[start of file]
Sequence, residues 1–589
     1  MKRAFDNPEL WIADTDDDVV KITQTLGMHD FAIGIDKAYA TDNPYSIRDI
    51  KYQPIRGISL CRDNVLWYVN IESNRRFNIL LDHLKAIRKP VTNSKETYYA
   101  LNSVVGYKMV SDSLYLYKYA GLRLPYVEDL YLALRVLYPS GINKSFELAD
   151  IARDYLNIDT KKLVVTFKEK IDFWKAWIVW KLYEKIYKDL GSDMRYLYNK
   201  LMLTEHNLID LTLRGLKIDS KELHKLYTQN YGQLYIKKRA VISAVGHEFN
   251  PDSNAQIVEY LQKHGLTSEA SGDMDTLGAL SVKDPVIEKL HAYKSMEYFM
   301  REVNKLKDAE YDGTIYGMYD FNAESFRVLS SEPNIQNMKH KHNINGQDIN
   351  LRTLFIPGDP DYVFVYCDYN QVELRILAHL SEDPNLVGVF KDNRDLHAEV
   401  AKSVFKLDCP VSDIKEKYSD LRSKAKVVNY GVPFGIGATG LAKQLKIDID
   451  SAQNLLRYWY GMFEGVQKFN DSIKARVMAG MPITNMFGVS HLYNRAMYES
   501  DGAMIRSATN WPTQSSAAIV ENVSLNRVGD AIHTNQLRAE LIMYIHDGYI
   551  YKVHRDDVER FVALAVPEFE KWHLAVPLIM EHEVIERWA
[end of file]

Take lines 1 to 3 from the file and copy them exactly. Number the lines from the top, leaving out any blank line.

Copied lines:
Sequence, residues 1–589
     1  MKRAFDNPEL WIADTDDDVV KITQTLGMHD FAIGIDKAYA TDNPYSIRDI
    51  KYQPIRGISL CRDNVLWYVN IESNRRFNIL LDHLKAIRKP VTNSKETYYA